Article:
Frank "Gunner" Gatski MU #72 To Be Retired

Marshall will retire number 72, the number worn by Frank "Gunner" Gatski at Marshall from 1940-42, on October 15 at the MU homecoming game with UAB of Conference USA. It is appropriate that Gatski get the honor on Hall of Fame/Letter Winners weekend, as he is both a member of the Marshall Athletic Hall of Fame, inducted in the second football class in the fall of 1985, and the WV Sportswriters Hall of Fame, located in the Charleston Civic Center, since 1974.

"I am very honored to have my jersey number retired and being the only one makes it all the more special," Gatski said."It all started at Marshall and the school has always treated me first-class whenever I have visited. I thoroughly enjoyed my career at Marshall and had so much fun there. I am thrilled and looking forward to coming back and being honored."

Gatski came from Farmington, WV, were he was a three-year starter at center and linebacker in 1936-37-38. He worked in the coal mines in 1939-40, before being offered a chance to come to Marshall by legendary Herd football and basketball coach Cam Henderson to earn a scholarship playing football for the Herd. He was a freshman, starting center for the JV football team in 1940, when the Herd was 8-2 with fellow MU HOF member Jim Roberts at center for the varsity. Gatski then started 17 straight games at center and linebacker for Marshall in 1941 and 1942. The Herd upset Wake Forest at Fairfield Stadium in 1941 on the way to 7-1 record, with "Gunner" (so named for his hard-hitting style) helping block for Jackie Hunt and Courtney Driscoll (22 touchdowns combined that season). Marshall was severely undermanned in 1942, due to the loss of men to the service at the beginning of World War II, and the Herd slumped to 1-7-1 under Henderson.

Gatski played briefly for Auburn after being discharged from the Army in 1945, serving three years during the war from 1943-45. In 1946, former Marshall teammate Sam Clagg contacted new Cleveland Browns assistant coach Johnny Brickles, who had previously coached at Huntington High, about Gatski securing a tryout with the new All-American Football Conference team. He hitchhiked to Bowling Green State University, were the Browns camped in the early years (as well as using the BGSU colors of orange and seal brown for the new pro team that would replace the Cleveland Rams, who had fled after winning the 1945 NFL title to Los Angeles).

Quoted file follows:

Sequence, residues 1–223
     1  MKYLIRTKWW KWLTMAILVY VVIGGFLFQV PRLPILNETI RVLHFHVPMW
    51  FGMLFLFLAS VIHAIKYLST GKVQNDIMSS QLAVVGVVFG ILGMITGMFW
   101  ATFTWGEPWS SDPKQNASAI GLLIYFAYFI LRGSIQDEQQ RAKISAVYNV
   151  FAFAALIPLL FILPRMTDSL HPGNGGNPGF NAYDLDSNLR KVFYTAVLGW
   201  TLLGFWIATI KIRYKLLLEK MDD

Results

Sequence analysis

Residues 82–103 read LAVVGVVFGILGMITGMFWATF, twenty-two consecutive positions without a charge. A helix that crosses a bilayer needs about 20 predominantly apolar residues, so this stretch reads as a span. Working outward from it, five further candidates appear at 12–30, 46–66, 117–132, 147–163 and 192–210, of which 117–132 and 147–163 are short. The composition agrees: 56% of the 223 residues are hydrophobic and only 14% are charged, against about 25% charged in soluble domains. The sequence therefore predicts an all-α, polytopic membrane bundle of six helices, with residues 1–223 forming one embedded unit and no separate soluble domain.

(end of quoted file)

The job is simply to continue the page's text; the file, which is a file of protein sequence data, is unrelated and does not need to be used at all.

Gatski impressed head coach Paul Brown enough that Gatski signed for $2,500, plus a $500 signing bonus, although Gatski would never earn more than $10,000 per year playing football. Gatski would start 132 consecutive games for the Browns and, in 1957, the Detroit Lions. The Browns were in 10 consecutive championship games during his 11 years, winning the AAFC in 1946-47-48 (a perfect season of 14-0) and in 1949 before jumping to the National Football League, along with AAFC teams from San Francisco (the 49ers) and Baltimore (the first Colts team, disbanded in 1953 but later reformed). The Browns beat the defending NFL champion Philadelphia Eagles in their first exhibition game and went on to win the NFL Championship in 1950 over that former Cleveland team, the now Los Angeles Rams. Gatski and the Browns won titles again in 1954 and 1955, as Gatski was rejoined on the Browns by his former Marshall teammate, Ed Ulinski, who started at guard for the Browns 1946-49, then coached from 1954 until the mid-1970s. The Browns lost the NFL title game in 1951-52-53 to Los Angeles and Detroit twice, respectively. In over 20 years of playing football at the high school, collegiate and professional level, Gatski never missed a game or a practice.